He is bleeding. His face a mass of blood oozing across his skin.
He is angry. Yelling. Thrusting his fist into the air. Walking in tight, angry circles.
When I first see him he is lying on the ground. Curled into a ball. Holding his stomach. There is a swarm of youth around him. Kicking. Punching. Yelling.
I stop my car. Honk the horn. Others do the same.
The crowd of 15 or so youth who are beating on him run off, darting down the alley with the lightning fast speed of a school of fish escaping into the shadows.
The young man lies on the ground, three youth remain protectively near him, trying to ward off any of the youth from returning.
A woman runs across the road, kneels by the young man. I park my car, grab my cell phone, put on the emergency flashers and run across the road towards the young man lying on the ground.
A woman stands on the sidewalk, cell phone pressed to her ear. “Are you calling 9-1-1?” I ask.
“Yes. Did you see it happen?”
“No.” I reply. “I just saw the end.”
Her hand is shaking where she holds her phone to her ear. “It was awful. They appeared out of nowhere. A whole swarm of them. It was awful,” she repeats.
I touch her arm. “It’s okay. Just stay on the line for 9-1-1.”
I walk over to the youth and the young woman kneeling beside him. “What can I do to help? Do you need tissues?”
The young woman looks up at me. The young man slowly sits up. Blood streams down his face.
“Yes. Go to the shop across the road. Grab some tissue.”
I run across the street and into the store. The owner is on the phone. Talking. He looks at me, mouths 9-1-1. I nod. Ask him for tissue. Paper towel. Anything.
He looks around. It is a bindery. Large machinery. Rolls of leather. A beautiful antique cash register.
I spy a box of kleenex on a counter. I grab it. Show it to him. He nods.
I run back to the scene where the boy and woman are now sitting on the pavement. Except the boy can not sit still. He stands up. Moves in tight, jerky circles. Swearing. Cursing.
I hand him the box of kleenex. He says, “Thanks.” He begins to wipe the blood off his face. There is a lot of it.
A man has joined us.
I ask the young man, the boy, to sit down. Please. You may be hurt. He shrugs off my entreaties.
The man comments on the cuts on his hands. His swollen knuckles.
“You got some swings in,” he says.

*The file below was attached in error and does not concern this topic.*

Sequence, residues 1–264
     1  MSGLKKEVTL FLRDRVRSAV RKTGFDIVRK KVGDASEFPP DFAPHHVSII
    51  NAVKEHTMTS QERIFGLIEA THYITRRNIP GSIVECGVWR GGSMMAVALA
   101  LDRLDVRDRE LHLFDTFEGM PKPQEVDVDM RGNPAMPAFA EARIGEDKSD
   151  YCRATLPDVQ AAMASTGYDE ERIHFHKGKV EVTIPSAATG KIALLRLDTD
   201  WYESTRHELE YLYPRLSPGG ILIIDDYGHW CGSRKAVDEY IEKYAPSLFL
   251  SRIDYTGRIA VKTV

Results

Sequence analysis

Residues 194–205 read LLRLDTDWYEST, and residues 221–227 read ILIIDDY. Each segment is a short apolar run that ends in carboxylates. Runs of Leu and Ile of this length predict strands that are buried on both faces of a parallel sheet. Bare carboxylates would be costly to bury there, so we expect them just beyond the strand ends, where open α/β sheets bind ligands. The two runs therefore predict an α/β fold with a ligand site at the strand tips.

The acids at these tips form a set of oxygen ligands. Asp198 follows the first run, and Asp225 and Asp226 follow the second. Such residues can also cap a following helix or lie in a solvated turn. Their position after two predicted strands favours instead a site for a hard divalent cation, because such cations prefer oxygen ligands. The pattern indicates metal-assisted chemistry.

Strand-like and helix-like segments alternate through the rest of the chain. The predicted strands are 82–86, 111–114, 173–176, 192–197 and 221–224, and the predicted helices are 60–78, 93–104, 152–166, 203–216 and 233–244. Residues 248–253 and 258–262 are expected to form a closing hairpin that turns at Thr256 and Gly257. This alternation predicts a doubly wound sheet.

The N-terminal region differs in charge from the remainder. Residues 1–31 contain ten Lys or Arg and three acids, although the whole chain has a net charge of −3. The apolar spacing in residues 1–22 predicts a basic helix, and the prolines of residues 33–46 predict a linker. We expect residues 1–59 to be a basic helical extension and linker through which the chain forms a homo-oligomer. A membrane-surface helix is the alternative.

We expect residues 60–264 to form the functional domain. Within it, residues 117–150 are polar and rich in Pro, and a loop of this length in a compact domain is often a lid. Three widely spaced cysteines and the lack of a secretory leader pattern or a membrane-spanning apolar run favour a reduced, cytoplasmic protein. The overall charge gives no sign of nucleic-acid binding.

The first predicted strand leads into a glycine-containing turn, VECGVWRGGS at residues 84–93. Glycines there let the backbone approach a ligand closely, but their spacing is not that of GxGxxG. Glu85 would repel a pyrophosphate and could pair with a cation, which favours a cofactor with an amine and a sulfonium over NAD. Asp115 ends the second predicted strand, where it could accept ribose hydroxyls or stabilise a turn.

The boy shakes his head. “Nah. Those are from a fight earlier today.” He is sheepish yet proud.
“Do you know why they swarmed you?” the man asks.
“It doesn’t matter,” he replies.
We three adults stand and look at each other. The boy is moving around now. Nothing seems to be broken.
I go ask the man in the shop for water. No glass I tell him. The man gives me a plastic tub and roll of paper towel.
Again, the boy is appreciative of the help.
The other woman asks him to sit back down. He sits. Quickly stands back up, pulls out his phone and dials a number. “Hey man,” he says when someone answers. “Do you know _____________? The bastard just beat the f**k out of me. Yeah. I’m gonna get him.” And he hangs up.
“Did anyone call the police?” he asks. “I don’t want the cops.”
I look at the other woman. “I didn’t call them,” I tell him.
“Neither did I,” she replies. We do not mention the other passer-bys or the man in the bindery shop who was on the phone.
But it doesn’t matter. His fear of their intervention is greater than the wisdom of waiting for an ambulance.
He and the other two youth take off.
We three adults who happened upon the scene look at each other. The man says we may as well go. I grab a plastic bag from my car, clean up the dirty kleenex and paper towel and return the box of kleenex to the bindery shop.
“Pretty sad,” the man in the shop tells me. “My nephew died because he was living a life like that boy.”
“I’m so sorry,” I tell him.
“Yeah. It’s hard. You can put all the help you want in front of them but if they don’t know how to reach for it…”
I happened upon a young man being beaten as I drove home from work yesterday.
And I wonder if one day I will open the paper and he will be a victim or a perpetrator of a crime from which he cannot walk away.
It is not a happy thought. But it is a possible reality.
It is why we must never give up on reaching out. Because as that man in the shop said, It isn’t that he didn’t want help. He just doesn’t know how to reach for it.
And the only way to teach him is to keep reaching out so that when he does decide to reach back, help will be there.